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Operation CeaseFire: New Jersey Community Marches Against Violence


Armed with palm leaves and wearing orange T-shirts with “Love your neighbor as yourself” printed on them, nearly 100 people marched around one of the toughest wards in Paterson, N.J. It was the annual Operation CeaseFire March.

The group, which included police officers, residents, pastors, and community leaders, stopped to pray at each major intersection. Some offered palms to those who were watching.

The march always falls on Palm Sunday weekend. “We are crying over this ward as Jesus cried over Jerusalem,” said Rev. John Algera, a pastor at Paterson’s Madison Avenue Christian Reformed Church.

The march started in 2005, modeled after a similar program in Chicago. For awhile, shootings decreased, but around 2011, violence in the neighborhood went from bad to worse. Algera attributed the increase in violence to a couple of things. “The economy kept getting worse, which produced more armed robberies committed by young kids,” he said. Then a quarter of the police staff was laid off. “We went from 500 police officers to 375,” Algera explained.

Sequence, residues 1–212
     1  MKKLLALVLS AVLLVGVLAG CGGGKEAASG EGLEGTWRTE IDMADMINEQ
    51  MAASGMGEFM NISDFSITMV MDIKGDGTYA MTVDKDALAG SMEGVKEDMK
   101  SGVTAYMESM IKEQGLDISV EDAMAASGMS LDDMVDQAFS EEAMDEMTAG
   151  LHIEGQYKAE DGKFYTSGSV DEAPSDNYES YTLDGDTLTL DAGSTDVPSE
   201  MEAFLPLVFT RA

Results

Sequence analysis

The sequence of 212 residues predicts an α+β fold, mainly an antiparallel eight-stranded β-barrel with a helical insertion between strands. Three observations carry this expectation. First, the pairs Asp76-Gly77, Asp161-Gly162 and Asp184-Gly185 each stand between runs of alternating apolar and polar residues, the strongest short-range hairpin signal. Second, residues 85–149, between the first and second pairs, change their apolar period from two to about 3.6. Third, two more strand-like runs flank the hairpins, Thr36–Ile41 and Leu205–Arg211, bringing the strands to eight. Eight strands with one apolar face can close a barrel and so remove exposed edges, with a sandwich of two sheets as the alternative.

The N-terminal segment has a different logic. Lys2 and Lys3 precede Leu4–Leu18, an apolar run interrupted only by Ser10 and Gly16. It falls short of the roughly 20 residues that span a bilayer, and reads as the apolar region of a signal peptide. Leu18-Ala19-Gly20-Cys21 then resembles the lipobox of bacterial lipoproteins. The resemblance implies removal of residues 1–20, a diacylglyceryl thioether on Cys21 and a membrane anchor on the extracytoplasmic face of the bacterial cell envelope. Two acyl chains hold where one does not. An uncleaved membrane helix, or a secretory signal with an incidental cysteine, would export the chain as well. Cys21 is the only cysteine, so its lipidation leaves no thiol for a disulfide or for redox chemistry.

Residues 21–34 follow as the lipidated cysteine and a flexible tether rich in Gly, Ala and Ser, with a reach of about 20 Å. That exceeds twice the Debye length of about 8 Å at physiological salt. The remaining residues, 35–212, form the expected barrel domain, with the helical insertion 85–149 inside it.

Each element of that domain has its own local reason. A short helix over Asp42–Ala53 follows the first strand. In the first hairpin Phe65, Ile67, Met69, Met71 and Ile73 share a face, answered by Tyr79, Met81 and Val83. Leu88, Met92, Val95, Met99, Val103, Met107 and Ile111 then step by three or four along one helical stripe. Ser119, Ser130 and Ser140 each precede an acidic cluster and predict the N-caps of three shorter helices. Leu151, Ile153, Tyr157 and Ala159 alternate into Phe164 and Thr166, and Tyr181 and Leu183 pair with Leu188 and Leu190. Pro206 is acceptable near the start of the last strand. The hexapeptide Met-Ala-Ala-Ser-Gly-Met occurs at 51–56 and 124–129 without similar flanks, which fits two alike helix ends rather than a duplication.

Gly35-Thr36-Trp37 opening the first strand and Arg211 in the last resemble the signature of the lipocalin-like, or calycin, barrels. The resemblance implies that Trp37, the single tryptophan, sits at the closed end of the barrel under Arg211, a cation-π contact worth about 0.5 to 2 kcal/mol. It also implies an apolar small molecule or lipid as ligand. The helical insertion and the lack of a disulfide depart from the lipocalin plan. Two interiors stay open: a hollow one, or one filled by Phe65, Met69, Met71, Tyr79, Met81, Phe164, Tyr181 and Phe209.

In 2014, Paterson had 24 homicides and about 100 non-fatal shootings. So far in 2015, there have been three homicides and 16 non-fatal shootings. Despite the increase in violent crime, the march has continued, serving as a plea to stop the violence.

This past January, 25 new officers were hired to serve Paterson. They took part in race relations training led by several pastors, including Algera. Police director Jerry Speziale and acting police chief William Fraher both participated in this year’s march. “The CeaseFire March has been one of the most significant police partnerships I’ve seen,” Algera said. “It takes a consolidated effort to tip a neighborhood.”

It was cold the day before Palm Sunday, and not as many were out to receive the palms as in years past, Algera observed. But the palms were still offered. “We share that palm as a cry for help to the Lord to save us from this violence.”

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